Common names: Myrsine Family
Treatment appears in FNA Volume 8. Treatment on page 302. Mentioned on page 251, 257, 258, 303.

Perennial or annual herbs, subshrubs, shrubs, or trees, deciduous (evergreen in Ardisia), often with secretory resin canals appearing as dark dots, streaks, or punctations on vegetative and/or floral parts. Leaves cauline, alternate, opposite, whorled, or pseudowhorled, simple; stipules absent; petiole present or absent; blade margins entire or sculpted. Inflorescences terminal or axillary racemes, panicles, cymes, verticillasters (umbellate), or solitary flowers. Flowers bisexual (unisexual in Myrsine), usually radially symmetric; perianth and androecium hypogynous; sepals 4–6(–9 in Trientalis and some Lysimachia), connate proximally; petals 4–6(–9 in Trientalis and some Lysimachia, absent in some Lysimachia), connate proximally to nearly distinct (Myrsine), corolla rotate, funnelform, campanulate, or salverform; nectaries absent or sometimes nectariferous hairs present; stamens usually 5 (sometimes 4 in Anagallis, 4–6 in Myrsine, or –9 in Trientalis), antipetalous, epipetalous (free in some Lysimachia); filaments distinct or connate; anthers dehiscent by longitudinal slits or apical pores; staminodes usually absent (present in Myrsine and some Lysimachia); pistils 1, 3–5-carpellate; ovary superior, 1-locular; placentation free-central with ± globose central axis; ovules anatropous to campylotropous, uni- or bitegmic, usually embedded in placenta, tenuinucellate; styles 1 or rudimentary (in some Myrsine), terminal; stigmas 1, usually capitate to truncate (punctiform in Ardisia, conic in Myrsine). Fruits capsular, dehiscence valvate or circumscissile, or drupaceous. Seeds 1–45, brown, reddish brown, black, or white, usually angular; embryo straight or curved; endosperm copious, starchless.


Nearly worldwide, herbaceous mainly in temperate regions and woody taxa mainly tropical.


The largest genera in Myrsinaceae are the tropical Myrsine (300 species), Ardisia (400–500 species), and Embelia Burman f. (130 species), and the temperate Lysimachia (ca. 160 species). No genera are endemic to the flora area; some species (in Lysimachia) have been introduced and become naturalized. Ardisia elliptica is introduced and has been named a Category I Invasive Species by the Florida Exotic Plant Pest Council (

Myrsinaceae is of limited economic value, mainly as ornamentals (some Anagallis, Ardisia, Lysimachia). Most taxa are pollinated by insects, particularly bees and flies, with nectar or pollen as rewards; some Lysimachia have oil-secreting hairs and are pollinated by oil-collecting bees (S. Vogel 1974+, vol. 2); selfing also occurs. Temperate seeds are dispersed by gravity, water, wind, or, possibly, ants or other ground-dwelling insects (B. Ståhl and A. A. Anderberg 2004).

As circumscribed here, Myrsinaceae are closely related to Primulaceae and Theophrastaceae. M. Källersjö et al. (2000) and B. Ståhl and A. A. Anderberg (2004) removed the nonrosette terrestrial members from Primulaceae and placed them in the Myrsinaceae (see further discussion under Primulaceae).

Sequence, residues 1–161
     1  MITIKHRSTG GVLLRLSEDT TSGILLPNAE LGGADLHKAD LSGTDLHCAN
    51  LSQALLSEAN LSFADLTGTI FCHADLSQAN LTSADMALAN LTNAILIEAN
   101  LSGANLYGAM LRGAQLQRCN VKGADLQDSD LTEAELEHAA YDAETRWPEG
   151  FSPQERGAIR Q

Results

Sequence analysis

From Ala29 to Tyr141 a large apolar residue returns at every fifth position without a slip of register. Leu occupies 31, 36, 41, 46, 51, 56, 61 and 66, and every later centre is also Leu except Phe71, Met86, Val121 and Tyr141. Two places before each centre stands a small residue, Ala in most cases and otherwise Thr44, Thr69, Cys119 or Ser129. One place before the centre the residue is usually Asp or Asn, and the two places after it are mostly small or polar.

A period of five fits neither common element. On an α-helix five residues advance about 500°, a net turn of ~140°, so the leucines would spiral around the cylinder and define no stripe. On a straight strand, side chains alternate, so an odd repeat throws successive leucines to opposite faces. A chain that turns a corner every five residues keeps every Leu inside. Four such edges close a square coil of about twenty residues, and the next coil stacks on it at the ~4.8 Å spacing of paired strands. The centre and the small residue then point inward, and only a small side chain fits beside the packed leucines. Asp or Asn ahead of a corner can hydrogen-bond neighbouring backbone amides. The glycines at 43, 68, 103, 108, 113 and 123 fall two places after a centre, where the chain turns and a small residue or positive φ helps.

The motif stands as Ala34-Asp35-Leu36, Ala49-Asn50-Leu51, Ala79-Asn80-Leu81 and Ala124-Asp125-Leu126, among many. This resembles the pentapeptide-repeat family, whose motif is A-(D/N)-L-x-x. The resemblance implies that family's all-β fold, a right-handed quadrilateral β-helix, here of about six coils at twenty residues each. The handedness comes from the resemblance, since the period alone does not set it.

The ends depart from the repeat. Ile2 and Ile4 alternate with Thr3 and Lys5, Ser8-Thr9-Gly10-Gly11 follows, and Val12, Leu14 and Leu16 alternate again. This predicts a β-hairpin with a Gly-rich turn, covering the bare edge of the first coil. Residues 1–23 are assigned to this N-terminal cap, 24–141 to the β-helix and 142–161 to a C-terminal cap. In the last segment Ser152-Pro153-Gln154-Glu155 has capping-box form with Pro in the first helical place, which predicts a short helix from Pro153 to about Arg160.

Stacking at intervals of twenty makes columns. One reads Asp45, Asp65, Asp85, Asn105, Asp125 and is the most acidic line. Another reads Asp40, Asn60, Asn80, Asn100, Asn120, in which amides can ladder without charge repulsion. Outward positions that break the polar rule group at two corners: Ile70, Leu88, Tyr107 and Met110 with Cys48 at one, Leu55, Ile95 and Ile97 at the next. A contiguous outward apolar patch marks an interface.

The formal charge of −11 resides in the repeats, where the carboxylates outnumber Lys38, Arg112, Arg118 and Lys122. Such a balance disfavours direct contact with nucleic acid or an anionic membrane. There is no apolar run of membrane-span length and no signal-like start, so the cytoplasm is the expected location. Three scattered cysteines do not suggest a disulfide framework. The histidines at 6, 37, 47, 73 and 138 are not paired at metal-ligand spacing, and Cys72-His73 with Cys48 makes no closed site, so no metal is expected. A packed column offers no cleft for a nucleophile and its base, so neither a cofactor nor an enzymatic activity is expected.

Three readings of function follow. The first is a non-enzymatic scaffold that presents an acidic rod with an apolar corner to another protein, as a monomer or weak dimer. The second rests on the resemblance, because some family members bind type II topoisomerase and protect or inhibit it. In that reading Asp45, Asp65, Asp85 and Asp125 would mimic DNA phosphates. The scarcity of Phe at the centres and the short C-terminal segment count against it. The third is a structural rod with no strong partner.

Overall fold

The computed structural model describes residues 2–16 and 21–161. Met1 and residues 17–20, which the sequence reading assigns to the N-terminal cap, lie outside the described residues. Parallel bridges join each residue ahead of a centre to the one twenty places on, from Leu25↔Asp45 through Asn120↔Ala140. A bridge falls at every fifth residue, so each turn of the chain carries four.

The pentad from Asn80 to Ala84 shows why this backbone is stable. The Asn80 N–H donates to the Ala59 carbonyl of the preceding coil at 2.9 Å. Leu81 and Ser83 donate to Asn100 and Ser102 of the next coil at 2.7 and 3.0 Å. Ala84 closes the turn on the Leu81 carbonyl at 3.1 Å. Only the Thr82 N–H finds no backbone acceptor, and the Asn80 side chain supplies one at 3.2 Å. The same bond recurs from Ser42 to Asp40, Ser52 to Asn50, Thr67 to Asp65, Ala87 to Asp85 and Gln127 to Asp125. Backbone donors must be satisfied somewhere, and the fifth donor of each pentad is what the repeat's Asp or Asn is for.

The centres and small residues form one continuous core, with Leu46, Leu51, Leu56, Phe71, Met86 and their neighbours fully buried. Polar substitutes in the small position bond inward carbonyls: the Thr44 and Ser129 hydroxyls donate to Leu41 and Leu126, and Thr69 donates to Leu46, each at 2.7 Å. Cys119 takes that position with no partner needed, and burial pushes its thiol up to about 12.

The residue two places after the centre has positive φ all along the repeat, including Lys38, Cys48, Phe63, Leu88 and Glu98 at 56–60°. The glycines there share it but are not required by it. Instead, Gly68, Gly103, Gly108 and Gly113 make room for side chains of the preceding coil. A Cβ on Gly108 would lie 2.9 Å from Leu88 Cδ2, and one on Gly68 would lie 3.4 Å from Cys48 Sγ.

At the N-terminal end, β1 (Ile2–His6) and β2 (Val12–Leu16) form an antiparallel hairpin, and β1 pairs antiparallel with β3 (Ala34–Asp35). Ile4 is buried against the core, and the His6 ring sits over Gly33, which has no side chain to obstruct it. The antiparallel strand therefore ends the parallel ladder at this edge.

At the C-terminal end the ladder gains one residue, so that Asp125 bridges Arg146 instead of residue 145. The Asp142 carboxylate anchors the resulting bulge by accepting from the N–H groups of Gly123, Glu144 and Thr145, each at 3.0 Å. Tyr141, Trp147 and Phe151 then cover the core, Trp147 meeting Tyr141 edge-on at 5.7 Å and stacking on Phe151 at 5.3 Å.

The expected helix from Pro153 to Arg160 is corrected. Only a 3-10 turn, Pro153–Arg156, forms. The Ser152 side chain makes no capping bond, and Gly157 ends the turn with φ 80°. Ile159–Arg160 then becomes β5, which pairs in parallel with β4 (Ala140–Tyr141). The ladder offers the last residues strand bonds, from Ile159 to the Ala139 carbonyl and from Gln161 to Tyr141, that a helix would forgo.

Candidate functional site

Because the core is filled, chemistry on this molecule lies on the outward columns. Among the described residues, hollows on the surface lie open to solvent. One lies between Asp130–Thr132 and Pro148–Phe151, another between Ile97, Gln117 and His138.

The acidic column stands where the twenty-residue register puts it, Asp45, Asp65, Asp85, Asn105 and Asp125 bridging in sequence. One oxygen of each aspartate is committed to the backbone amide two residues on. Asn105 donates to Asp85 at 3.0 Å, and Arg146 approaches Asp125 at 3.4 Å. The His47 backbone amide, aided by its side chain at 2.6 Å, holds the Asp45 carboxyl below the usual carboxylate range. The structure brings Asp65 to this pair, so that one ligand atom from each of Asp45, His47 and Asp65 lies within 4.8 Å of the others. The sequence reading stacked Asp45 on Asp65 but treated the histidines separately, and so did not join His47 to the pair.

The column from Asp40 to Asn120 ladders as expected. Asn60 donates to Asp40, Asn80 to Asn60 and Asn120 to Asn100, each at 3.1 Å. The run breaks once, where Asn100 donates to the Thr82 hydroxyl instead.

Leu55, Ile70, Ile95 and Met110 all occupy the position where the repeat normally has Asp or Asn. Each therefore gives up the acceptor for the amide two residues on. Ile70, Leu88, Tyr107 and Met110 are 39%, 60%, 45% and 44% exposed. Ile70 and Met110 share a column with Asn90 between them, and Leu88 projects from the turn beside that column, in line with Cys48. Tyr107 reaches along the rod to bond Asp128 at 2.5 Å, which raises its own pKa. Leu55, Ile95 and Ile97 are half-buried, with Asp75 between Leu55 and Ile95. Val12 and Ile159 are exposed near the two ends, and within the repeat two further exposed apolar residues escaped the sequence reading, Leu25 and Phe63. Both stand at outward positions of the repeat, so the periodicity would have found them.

Additional evidence (A. A. Anderberg et al. 2007; L. Martins et al. 2003) indicates that Lysimachia is not monophyletic. Further, Glaux is now considered an apetalous member of Lysimachia (Anderberg et al.; Hao G. et al. 2004); Trientalis probably should be considered an extreme verticillate member of Lysimachia sect. Seleucia (Anderberg et al.; alluded to by J. D. Ray 1956); and some species of Anagallis are more closely related to Lysimachia (Anderberg et al.; M. Källersjö et al. 2000; Anderberg and B. Ståhl 1995) than to other members of Anagallis. More work is still needed to resolve these additional issues. Martins et al. presented nuclear rDNA evidence that Centunculus is basal within Lysimachieae and should not be included within Anagallis but this is not yet fully resolved. The phylogenetic position of Cyclamen, a scapose taxon, has not been resolved; Ståhl and Anderberg (2004) included it in this family because it shares developmental anatomy, leaf pigmentation, and other features. Our understanding of the family is clearly still in flux, and future taxonomic realignments at the familial and generic levels are to be expected.

Genera ca. 50, species ca. 1400 (5 genera, 32 species in the flora).


1 Trees or shrubs, rarely subshrubs; fruits drupaceous > 2
1 Herbs; fruits capsular > 3
2 Inflorescences paniculate, racemose, cymose, subumbellate, or umbellate, longer than petioles; flowers bisexual; stigmas punctiform. Ardisia
2 Inflorescences fasciculate, shorter than petioles, (sessile or on accrescent peduncles girdled by persistent floral bracts); flowers unisexual; stigmas conic, 3-5-lobed. Myrsine
3 Leaves clustered or whorled near stem tip, dimorphic, proximalmost leaves smaller; flowers (5-)7(-9)-merous. Trientalis
3 Leaves usually evenly distributed along stem, usually monomorphic; flowers (4-)5-7 (-9)-merous > 4
4 Corollas white to pink, red, salmon, or blue; capsule dehiscence circumscissle; plants annual or perennial. Anagallis
4 Corollas yellow or white (absent); capsule dehiscence valvate; plants perennial. Lysimachia
... more about "Myrsinaceae"
Anita F. Cholewa +, John J. Pipoly III +  and Jon M. Ricketson +
R. Brown +
Myrsine Family +
Nearly worldwide +  and herbaceous mainly in temperate regions and woody taxa mainly tropical. +
anderberg2007a +  and stahl2004c +
Myrsinaceae +